Clients who give me a job and then forget about it are there by the thousands. They drop the ball all the time. Clients who pay next to nothing? That applies to most of them, if not all. Clients who treat me like trash? Well, in my case, since I am in Panama, almost all of them are like this. They think I can survive on $100 per month. In Panama, not even an apartment in the ghettos would be that cheap.

To make things worse, Upwork has added the wonderful feature of allowing clients to provide feedback even if you cancel the job, allowing abusive clients to almost force you to work for them. If any of these nightmare projects is completed, Upwork takes 20% of the meager money you are making.

AND HERE IS THE FINAL INSULT: I met someone on Elance.com, a woman living in Panama. She wanted me to create a website using Joomla. Since we were in the same country, she told me she wanted to meet me in person. I go to a meeting room at a hotel where she and her husband were waiting for me, along with two more people. Every time I spoke, her husband was patronizing me. “Are you sure you know what you are doing?”, “Do you have a resume?”, “Did you say probably”, as I left he asked his wife if she had asked for credentials, and she told him she had seen my Elance profile. I went home, and started working for them. They wanted a lot for $200. All of a sudden, they canceled the job saying I lacked experience and gave the job to an Indian company for only $100.

Save your work if you want to use your experience in online staffing platforms such as Upwork or Guru or Golance, just to name a few, on your resume. Most of the clients that you will encounter are definitely bottom feeders. They want the next Facebook, the next Twitter, the next AirBNB, the next Uber for less than $500, and after a while, when they realize that success doesn’t knock at their door after taking advantage of a poor freelancer living in Thailand or India, they forget about their projects, leaving you with little or no evidence of your work. I have been involved on many Wordpress-related projects over the years, and only three can prove that I have experience with Wordpress.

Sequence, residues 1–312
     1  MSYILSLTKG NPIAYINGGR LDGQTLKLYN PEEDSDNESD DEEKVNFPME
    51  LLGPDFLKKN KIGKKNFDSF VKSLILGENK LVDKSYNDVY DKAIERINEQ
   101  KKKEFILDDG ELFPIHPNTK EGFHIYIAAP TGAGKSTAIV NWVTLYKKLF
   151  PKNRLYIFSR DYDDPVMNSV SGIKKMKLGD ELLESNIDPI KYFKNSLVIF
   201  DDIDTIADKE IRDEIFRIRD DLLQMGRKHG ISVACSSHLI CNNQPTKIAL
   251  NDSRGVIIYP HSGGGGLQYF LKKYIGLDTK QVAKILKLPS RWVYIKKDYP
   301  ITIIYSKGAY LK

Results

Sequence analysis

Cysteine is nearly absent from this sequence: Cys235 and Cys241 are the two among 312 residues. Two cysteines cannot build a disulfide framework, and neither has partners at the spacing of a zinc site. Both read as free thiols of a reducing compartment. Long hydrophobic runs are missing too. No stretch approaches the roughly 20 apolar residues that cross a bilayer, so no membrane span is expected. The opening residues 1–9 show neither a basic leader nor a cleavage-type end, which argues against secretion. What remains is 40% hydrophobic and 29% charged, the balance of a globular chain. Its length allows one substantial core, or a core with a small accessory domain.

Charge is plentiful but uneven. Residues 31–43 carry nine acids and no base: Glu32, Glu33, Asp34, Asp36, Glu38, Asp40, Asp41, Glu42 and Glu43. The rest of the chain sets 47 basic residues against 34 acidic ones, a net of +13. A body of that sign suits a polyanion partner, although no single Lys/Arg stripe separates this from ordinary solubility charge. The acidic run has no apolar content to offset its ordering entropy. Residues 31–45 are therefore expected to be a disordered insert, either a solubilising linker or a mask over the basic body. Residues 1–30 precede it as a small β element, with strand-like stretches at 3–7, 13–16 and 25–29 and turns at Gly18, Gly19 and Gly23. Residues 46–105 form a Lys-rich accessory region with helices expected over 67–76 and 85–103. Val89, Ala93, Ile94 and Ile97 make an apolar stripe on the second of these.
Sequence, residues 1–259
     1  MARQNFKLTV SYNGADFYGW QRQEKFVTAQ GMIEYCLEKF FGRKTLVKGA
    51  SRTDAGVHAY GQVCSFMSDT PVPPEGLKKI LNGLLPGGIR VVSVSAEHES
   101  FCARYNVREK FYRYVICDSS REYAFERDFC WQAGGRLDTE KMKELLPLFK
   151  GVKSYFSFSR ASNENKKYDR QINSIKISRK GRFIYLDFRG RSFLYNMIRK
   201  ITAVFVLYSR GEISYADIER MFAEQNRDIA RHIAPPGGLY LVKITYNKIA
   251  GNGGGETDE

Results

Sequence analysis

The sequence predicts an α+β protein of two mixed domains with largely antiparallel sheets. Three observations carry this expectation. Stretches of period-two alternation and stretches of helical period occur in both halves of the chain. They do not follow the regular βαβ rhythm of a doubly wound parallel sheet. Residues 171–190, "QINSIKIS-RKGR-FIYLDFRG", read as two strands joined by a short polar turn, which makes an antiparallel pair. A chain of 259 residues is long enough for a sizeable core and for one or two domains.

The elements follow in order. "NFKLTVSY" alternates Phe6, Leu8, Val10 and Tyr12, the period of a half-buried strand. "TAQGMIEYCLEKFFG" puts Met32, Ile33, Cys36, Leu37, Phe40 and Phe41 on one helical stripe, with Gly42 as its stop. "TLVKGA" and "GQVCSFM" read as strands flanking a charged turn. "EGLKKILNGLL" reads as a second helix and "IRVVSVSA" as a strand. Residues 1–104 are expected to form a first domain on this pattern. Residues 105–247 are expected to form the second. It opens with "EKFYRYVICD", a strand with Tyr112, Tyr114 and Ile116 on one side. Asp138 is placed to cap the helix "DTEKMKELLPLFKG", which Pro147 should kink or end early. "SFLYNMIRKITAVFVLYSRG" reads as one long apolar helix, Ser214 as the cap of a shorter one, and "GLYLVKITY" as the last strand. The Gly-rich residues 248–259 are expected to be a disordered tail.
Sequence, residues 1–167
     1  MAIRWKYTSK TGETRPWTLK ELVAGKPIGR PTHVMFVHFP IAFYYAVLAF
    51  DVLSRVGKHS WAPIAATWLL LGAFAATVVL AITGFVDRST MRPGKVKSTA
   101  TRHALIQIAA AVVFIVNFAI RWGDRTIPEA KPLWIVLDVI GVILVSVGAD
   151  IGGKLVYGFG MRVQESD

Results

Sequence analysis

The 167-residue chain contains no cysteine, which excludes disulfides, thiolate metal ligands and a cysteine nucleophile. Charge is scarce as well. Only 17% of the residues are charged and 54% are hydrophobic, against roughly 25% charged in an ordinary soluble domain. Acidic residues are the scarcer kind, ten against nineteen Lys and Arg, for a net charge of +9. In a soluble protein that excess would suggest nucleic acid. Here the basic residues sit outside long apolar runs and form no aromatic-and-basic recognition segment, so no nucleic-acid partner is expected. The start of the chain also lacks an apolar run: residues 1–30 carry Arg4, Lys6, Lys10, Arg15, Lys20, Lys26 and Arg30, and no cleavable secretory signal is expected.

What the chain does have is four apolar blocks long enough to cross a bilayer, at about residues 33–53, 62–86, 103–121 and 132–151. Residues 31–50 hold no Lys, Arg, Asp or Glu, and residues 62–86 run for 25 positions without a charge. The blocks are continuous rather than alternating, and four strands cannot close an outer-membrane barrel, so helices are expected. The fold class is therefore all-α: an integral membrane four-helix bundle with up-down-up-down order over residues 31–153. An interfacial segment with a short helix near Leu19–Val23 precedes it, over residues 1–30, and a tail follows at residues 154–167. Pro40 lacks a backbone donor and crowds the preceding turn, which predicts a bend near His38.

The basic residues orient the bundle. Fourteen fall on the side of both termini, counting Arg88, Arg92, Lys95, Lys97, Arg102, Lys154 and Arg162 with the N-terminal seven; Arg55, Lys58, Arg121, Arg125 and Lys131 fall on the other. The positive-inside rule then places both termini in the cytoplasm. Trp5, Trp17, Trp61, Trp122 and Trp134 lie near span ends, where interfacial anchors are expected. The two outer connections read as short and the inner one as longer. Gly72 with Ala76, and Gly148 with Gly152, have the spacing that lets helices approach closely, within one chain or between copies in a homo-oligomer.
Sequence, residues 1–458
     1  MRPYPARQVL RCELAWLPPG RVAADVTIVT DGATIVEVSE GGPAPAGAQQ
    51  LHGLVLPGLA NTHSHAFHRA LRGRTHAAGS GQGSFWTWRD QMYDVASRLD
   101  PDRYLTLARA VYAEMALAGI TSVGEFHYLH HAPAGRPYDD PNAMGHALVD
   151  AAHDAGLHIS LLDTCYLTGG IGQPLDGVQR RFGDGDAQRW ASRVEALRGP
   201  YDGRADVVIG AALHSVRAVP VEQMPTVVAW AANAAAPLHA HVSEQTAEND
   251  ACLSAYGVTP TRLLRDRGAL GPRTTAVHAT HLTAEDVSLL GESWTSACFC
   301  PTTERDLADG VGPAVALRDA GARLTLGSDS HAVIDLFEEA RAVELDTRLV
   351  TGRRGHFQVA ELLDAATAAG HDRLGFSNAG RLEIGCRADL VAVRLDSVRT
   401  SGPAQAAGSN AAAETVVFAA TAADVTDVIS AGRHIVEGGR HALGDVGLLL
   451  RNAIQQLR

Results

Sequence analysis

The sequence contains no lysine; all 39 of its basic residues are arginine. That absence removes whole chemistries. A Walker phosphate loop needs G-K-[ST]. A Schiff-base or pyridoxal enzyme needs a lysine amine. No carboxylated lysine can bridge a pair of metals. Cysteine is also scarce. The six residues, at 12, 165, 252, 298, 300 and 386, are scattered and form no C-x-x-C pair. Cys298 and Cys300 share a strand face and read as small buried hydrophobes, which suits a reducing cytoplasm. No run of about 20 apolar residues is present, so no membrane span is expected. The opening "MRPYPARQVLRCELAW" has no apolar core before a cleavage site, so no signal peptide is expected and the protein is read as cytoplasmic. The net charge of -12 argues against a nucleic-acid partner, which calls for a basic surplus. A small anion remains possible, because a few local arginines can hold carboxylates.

I have read two books on freelancers, and one of them is called Mastering Upwork by T.K Young, and that book describes the kind of customers you should avoid in platforms like Peopleperhour, GoLance, Guru, etc, and what is funny is that the author is actually describing MOST of the people looking for freelancers. Most of them type vague stuff like “I need a PHP rock star”, or “I need a jQuery Ninja”. Or they want a freelancer for some minor fixes in Wordpress, and that’s it, or they need a freelancer to finish a website, but they don’t tell you what needs to be finished. Other employers give freelancers entire documents on what they want, usually two or three doc files, and they want a Non-Disclosure-Agreement to be signed. According to T.K Young, they are never satisfied, which is true. What T.K Young doesn’t seem to realize is that if you weed out these types of people looking for freelancers, you are left with almost no people to choose from.

In the end, websites like Toptal, Guru, GoLance are good if you want experience, or if you live in a poor country where a hundred dollars is good enough to afford a decent apartment. But if you want to support a family, or pay the rent, and you are living in a country with a mediocre economy (like Panama, Turkey, or Mexico), or you are in a rich country (like the US, Canada, France), avoid these online staffing platforms unless you are looking for a job in the real world, and you want to make ends meet while you find a job; after all, sending a hundred job applications to get one job is better than sending thirty applications to get a bad client, and then sending another 30 applications to get another bad client every month, knowing deep inside that it will never get better."

Thanks for read my post.